Press: Justin Amash breaks ranks with party

Press: Justin Amash breaks ranks with party
© Greg Nash

We could debate forever about who’s the most intelligent member of Congress. Or the wealthiest, the funniest or the nuttiest. But there’s no doubt who’s the most lonely: It’s Michigan’s Justin AmashJustin AmashLawmakers blast Trump as Israel bars door to Tlaib and Omar House Democrats targeting six more Trump districts for 2020 Sanford headed to New Hampshire amid talk of challenge to Trump MORE, who this week became the first House Republican to break ranks with his party and call for the impeachment of Donald TrumpDonald John TrumpFacebook releases audit on conservative bias claims Harry Reid: 'Decriminalizing border crossings is not something that should be at the top of the list' Recessions happen when presidents overlook key problems MORE. 

He’s not only the loneliest, he’s also the most courageous. Amash has demonstrated that he’s not afraid of what, so far, none of his colleagues are willing to risk: the near-certainty of a primary challenge as the price for taking on Trump. 

Amash didn’t rush into impeachment. He reached that conclusion only after reading the entire 448-page Mueller report - which, he points out, is another way in which he stands alone. “Few members of Congress even read Mueller’s report,” he noted, “their minds were made up based on partisan affiliation.”


His own objective reading of the report convinced Amash that Trump “engaged in specific actions and a pattern of behavior that meet the threshold for impeachment.” Whether the president actually committed a crime does not matter, argues Amash. Impeachment “simply requires a finding that an official has engaged in careless, abusive, corrupt or otherwise dishonorable conduct.” All of which is spelled out in detail in the Mueller report. 

If Amash doesn’t spare Donald Trump, he doesn’t spare Attorney General William BarrWilliam Pelham BarrThe Hill's Morning Report - Trump searches for backstops amid recession worries Mueller report fades from political conversation Barr removes prisons chief after Epstein death MORE, either. He accuses Barr of “deliberately misrepresenting” the full report in the four-page summary he sent to Congress, using “sleight-of-hand qualifications or logical fallacies which he hopes people will not notice” to make the report seem more favorable to Trump than it actually is.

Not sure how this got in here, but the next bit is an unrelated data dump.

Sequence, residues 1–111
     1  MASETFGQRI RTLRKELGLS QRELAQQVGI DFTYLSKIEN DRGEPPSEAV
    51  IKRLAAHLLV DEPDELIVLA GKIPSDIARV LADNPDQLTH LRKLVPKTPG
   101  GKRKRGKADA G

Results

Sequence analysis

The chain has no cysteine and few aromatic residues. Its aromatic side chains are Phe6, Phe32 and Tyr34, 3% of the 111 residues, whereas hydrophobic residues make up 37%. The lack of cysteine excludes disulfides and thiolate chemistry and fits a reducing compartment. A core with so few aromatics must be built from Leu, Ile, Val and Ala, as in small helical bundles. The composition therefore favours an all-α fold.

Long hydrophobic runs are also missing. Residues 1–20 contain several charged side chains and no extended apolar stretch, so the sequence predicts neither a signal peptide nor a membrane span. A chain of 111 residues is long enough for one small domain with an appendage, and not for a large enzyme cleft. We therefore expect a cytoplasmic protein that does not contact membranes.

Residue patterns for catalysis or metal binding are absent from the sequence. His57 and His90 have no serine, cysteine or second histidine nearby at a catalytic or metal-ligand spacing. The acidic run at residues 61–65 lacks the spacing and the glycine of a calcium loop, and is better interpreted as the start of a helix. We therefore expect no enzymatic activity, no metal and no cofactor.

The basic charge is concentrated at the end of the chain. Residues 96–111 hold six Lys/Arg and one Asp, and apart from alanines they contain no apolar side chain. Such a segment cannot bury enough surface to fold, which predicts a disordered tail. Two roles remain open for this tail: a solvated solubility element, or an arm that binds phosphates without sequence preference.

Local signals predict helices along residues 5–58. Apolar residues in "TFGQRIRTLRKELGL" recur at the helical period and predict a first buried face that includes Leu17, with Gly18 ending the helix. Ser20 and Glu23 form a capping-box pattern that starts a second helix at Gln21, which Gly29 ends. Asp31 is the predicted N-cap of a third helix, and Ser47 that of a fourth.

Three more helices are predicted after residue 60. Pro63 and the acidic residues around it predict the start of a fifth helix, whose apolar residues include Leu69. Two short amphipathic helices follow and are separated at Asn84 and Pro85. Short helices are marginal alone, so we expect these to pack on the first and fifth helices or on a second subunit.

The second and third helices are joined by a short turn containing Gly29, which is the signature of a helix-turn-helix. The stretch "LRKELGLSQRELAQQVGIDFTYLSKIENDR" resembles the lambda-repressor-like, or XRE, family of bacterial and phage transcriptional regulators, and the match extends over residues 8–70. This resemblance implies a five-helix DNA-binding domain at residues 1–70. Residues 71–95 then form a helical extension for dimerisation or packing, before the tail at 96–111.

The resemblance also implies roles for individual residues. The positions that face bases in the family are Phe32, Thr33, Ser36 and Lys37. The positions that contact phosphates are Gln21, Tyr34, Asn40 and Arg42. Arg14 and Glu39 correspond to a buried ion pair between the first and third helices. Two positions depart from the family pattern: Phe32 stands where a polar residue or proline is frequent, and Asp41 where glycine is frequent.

Republican leaders, starting with Trump himself, were quick to dismiss Amash’s defection as meaningless. Which is true insofar as his statement will not alter the basic math of impeachment. Democrats already have enough votes in the House to impeach; it’s in the Senate where there aren’t enough Republican votes to convict. Besides, Speaker Nancy PelosiNancy PelosiJohnson eyes Irish border in Brexit negotiations Mueller report fades from political conversation Five key players in Trump's trade battles MORE (D-Calif.) has urged Democrats not to rush into impeachment, but to focus, instead, on three priorities: their legislative agenda, oversight hearings and beating Trump in 2020. Justin Amash won’t change that. 

But his call for impeachment is still hugely significant. First, because Amash proves that what Donald Trump and spineless Republicans like Sen. Lindsey GrahamLindsey Olin GrahamTwo-thirds of Republicans support 'red flag' gun laws: NPR poll Red flag laws won't stop mass shootings — ending gun-free zones will Pelosi warns Mnuchin to stop 'illegal' .3B cut to foreign aid MORE (S.C.) and House Minority Leader Kevin McCarthyKevin Owen McCarthyOmar says US should reconsider aid to Israel I'm not a Nazi, I'm just a dude: What it's like to be the other Steve King Trump finds consistent foil in 'Squad' MORE (Calif.) say about the conclusions of the Mueller report — “no collusion, no obstruction” — is a big fat lie. Mueller identifies many contacts between the Trump campaign and Russian operatives and at least 10 documented cases of attempting to obstruct justice. Second, because Amash could inspire other disaffected Republicans to read the report and dare to come forward on their own. 

Ironically, for those who see echoes of former President Nixon’s fate in the debate over abuse of presidential powers by Donald Trump, Amash’s statement draws one more parallel. After Watergate, California’s Pete McCloskey became the first Republican member of Congress to step up and call for Nixon’s impeachment, after which several Republican senators went to the White House and convinced Nixon to step aside, rather than face impeachment in the House and conviction by the Senate. 

Given Trump’s stranglehold on today’s Republican Party, it’s unlikely Amash will have the same impact as McCloskey. Still, it’s refreshing to see one Republican member of Congress actually read the entire Mueller report. And one Republican member of Congress with the cojones to put country above political party. Will any other Republican dare step forward? 

Press is host of “The Bill Press Show” on Free Speech TV and author of “From the Left: A Life in the Crossfire.”